Here you have your foot on the gas from the beginning to the end and when you get to the latter part of the race, your horses tire. You try like hell to get your horse to switch to the right leg to find a little bit of freshness. In Europe we never even think about it. It sounds completely crazy to you guys, but it’s because of the conformation of the tracks and the way the races are run.

I notice when I am lost in thought while exercise-walking in the morning that my mind makes the necessary adjustments to keep my steps moving in the best direction. It’s probably the same thing with horses in Europe.

Yeah, it’s like when you go rock climbing. The horses are able to figure it out. You cannot lead by forcing them to do something, as it can make things worse. Some horses are better at it than others.

That’s why Epsom is the ultimate test. They have to learn to run up the hill and going down on a right-to-left camber. So yeah, only the good ones can manage that course as we witness each year, while there are some others that just fall apart. That’s why even if Epsom is not the greatest racecourse, it is absolutely the greatest test of a racehorse.Ultimate test: Frankie Dettori wins his first Derby at Epsom on Authorized in 2007. Photo: Dan Abraham /

In the US we see horses winning on the front end on a regular basis, but not so much in Europe because US races generally are run at a faster earlier pace. Because most of the heavy work takes place in the last three or four furlongs in Europe, is it less tiring to ride a race abroad as opposed to the US?

Well, over here it took me a few days to get in top, top, top shape because, as you say, if you ride six races a day and you ride flat out from the gate to the end your lungs expand quite a bit. It’s not a big deal but it is more tiring.

Everybody’s asking me what is riding racing like in America. I say I spend most of the time pushing horses. You very rarely pull on one. In Europe you are always pulling and pulling horses, holding them in check. If you are riding one over a mile and a half you are pulling, restraining them for a mile.

It is the pulling on them that really gets you tired. Your biceps feel like they will jump out of your arms. There is more racing in America and you do have to be fit, no two ways about it.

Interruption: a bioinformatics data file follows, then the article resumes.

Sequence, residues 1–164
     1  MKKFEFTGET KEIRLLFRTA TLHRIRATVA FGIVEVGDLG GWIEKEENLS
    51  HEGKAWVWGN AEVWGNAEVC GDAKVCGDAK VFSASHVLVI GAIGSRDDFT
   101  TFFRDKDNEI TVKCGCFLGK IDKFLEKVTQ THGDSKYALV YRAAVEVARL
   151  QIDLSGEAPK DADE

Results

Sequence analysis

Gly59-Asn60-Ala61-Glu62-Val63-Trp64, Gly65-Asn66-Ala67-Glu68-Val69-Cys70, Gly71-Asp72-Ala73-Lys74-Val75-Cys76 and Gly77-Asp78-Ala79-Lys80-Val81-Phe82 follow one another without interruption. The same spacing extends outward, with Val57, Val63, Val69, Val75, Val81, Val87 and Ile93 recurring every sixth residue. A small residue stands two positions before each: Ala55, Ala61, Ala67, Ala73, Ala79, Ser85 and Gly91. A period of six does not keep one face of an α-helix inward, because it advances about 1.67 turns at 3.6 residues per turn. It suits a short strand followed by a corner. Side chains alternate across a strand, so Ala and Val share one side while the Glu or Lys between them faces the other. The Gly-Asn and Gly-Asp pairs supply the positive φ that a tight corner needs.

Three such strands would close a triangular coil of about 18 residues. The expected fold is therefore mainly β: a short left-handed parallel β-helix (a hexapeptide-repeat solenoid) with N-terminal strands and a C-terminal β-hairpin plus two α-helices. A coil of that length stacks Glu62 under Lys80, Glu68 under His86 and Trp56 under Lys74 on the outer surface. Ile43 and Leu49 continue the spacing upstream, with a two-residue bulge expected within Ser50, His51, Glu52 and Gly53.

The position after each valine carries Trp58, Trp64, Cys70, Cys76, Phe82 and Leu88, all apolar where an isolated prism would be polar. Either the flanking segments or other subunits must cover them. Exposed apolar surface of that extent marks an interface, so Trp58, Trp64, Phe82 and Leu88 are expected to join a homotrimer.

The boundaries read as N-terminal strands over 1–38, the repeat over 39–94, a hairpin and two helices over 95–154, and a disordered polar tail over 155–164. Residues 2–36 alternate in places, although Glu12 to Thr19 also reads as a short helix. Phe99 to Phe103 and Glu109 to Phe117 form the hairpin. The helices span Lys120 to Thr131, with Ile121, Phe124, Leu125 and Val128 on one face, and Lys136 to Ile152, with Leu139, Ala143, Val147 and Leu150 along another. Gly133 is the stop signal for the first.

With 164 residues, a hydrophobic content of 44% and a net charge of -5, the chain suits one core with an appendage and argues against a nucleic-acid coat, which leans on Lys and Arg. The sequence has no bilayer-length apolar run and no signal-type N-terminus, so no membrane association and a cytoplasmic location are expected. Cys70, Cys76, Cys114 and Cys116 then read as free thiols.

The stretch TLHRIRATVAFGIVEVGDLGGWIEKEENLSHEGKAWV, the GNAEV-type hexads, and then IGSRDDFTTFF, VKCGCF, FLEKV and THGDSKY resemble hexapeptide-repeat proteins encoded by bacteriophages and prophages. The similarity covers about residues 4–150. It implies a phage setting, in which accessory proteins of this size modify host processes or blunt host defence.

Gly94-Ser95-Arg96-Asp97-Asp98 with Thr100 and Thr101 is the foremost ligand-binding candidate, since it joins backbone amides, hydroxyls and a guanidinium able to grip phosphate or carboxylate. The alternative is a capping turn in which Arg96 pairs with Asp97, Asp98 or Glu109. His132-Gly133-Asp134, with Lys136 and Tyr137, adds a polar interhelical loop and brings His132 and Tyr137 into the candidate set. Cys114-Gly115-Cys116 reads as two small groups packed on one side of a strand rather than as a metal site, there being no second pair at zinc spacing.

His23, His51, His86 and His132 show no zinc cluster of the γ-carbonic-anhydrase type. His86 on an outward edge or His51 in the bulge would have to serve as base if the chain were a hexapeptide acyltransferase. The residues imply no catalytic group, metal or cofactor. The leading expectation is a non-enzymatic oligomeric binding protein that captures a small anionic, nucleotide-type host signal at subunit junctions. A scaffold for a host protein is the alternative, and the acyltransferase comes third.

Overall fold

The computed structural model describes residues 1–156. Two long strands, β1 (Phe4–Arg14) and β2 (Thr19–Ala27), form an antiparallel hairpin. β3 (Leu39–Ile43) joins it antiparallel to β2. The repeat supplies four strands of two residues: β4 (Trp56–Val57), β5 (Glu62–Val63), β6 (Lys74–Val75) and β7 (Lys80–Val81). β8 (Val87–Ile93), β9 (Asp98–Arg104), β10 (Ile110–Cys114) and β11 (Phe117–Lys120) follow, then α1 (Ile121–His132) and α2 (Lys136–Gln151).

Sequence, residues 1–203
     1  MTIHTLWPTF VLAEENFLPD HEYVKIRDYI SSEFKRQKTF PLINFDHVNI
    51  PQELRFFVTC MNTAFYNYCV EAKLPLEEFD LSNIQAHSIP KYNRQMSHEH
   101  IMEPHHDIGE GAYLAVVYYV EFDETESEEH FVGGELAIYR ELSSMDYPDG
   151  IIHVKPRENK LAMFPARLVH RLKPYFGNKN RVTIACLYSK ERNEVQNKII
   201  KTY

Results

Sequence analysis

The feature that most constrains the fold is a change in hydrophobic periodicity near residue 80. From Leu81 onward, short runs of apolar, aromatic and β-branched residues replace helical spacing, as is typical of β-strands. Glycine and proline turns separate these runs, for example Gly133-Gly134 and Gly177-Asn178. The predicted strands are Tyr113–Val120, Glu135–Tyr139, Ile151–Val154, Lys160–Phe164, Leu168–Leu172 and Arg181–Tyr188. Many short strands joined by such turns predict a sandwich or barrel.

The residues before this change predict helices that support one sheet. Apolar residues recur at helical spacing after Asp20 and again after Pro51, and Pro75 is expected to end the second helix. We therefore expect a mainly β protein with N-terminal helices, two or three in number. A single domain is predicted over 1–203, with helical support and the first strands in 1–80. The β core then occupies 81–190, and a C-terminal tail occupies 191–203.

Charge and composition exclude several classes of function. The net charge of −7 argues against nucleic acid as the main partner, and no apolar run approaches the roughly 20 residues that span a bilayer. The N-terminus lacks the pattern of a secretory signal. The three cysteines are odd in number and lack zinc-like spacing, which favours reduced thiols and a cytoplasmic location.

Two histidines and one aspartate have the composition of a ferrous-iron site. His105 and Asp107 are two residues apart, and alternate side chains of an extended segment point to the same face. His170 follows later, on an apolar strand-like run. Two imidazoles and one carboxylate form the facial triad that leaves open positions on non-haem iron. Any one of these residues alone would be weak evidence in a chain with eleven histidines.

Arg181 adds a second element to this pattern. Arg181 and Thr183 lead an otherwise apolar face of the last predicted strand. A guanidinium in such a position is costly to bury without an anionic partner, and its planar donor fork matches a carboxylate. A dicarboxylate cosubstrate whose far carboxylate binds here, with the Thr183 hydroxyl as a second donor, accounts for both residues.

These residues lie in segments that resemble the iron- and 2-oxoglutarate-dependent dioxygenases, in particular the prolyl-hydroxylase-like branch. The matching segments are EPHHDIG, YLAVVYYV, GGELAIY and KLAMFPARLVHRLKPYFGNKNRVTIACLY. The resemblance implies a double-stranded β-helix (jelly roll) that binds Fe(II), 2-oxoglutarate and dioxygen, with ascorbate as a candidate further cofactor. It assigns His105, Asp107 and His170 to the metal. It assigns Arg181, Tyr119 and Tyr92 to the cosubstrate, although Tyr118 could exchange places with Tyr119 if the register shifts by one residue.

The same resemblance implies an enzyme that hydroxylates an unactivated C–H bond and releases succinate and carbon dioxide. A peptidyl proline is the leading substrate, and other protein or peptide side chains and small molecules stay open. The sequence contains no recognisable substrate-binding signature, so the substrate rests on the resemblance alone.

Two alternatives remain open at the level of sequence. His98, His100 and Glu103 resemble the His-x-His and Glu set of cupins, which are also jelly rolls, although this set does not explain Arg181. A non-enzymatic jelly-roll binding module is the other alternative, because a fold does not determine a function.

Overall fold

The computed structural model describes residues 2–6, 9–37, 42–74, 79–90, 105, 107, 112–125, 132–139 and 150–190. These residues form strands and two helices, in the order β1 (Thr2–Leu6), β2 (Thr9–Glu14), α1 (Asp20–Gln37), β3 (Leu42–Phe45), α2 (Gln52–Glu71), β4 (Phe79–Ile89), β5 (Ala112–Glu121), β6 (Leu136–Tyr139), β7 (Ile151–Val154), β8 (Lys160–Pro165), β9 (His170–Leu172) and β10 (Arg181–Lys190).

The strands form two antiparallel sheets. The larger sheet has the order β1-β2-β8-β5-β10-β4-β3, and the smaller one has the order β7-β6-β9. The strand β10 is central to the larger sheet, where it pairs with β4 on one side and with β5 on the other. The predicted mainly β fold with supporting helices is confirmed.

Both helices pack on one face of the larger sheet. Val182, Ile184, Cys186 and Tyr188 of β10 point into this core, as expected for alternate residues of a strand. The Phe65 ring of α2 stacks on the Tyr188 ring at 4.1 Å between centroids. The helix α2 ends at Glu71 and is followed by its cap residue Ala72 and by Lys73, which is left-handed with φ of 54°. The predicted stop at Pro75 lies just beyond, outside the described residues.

Because jockeys are able to ride at a higher weight in Europe than the US, does this allow jockeys abroad to have a longer career than US jockeys?

There’s two ways of looking at that: I ride five pounds lighter in America because the weights are lower, but the lifestyle is much better. In England, you can ride at your weight, but I would say you are straining your mind because of the amount of travel that you have to do every day. I’ll be honest with you – at this stage of my career I enjoy the American lifestyle. I go to work in the morning, breeze a few horses on the track. I live a few minutes from the track. I arrive at 12.30 first post. The last one is at 4.30.

Everything’s early. The races are every 25 minutes, which I enjoy. And then you have a life. You can go out for dinner at five or six. Be in bed early.

It’s better, it’s a very clean lifestyle. Frankie at 30 probably wanted to go out every night and he might not have been suited to this lifestyle. But Frankie Dettori at 52 is quite happy with this lifestyle.

Since racing is so competitive, both in landing riding assignments and winning races, do you find it difficult to have close friendships with other riders?

Robert Havlin: Frankie Dettori’s best mate is a jockey. Photo: Dan Abraham / focusonracing.comThat’s a good question. I’m friends with everyone, but my best friend, believe it or not, is a jockey. He is the number two jockey for John Gosden named Robert Havlin. We’ve been working together for 10 years.

You know, it’s very hard to find your best friend working with you doing the same job but Robbie has never been a person that tries to shoot me in the foot. We get along well, we’ll be honest with each other. We’ve always left plenty for him to keep competing to make a living so he can have a good career. We always got on well.

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But the American jockey colony is very nice; in general, I’m finding American people are very nice. The stewards watch us like a hawk and they always try to help and try to keep us safe. So we try to conduct ourselves in a manner to try to keep one another safe.

That said, we are very competitive – but you do not to fall out with people when you ride correctly. Also I’ve been around the block, right? Over 30 years, so this is not my first rodeo.

I know most of the guys obviously, even if I don’t know the young people coming through now. When I go to the room in Santa Anita I’ve got Kent (Desormeaux) – I’ve known him all my life. I see Joe Bravo – I’ve known him all my life. (Mike) Smith –I know him all my life. Johnny, Victor Espinoza, Valdivia – I know these guys over many years. They made me feel at home from the moment that I arrived.

But they are unbelievable riders and you have to be super sharp because they’re not going to give you anything for free and they make me ride better because it is so competitive.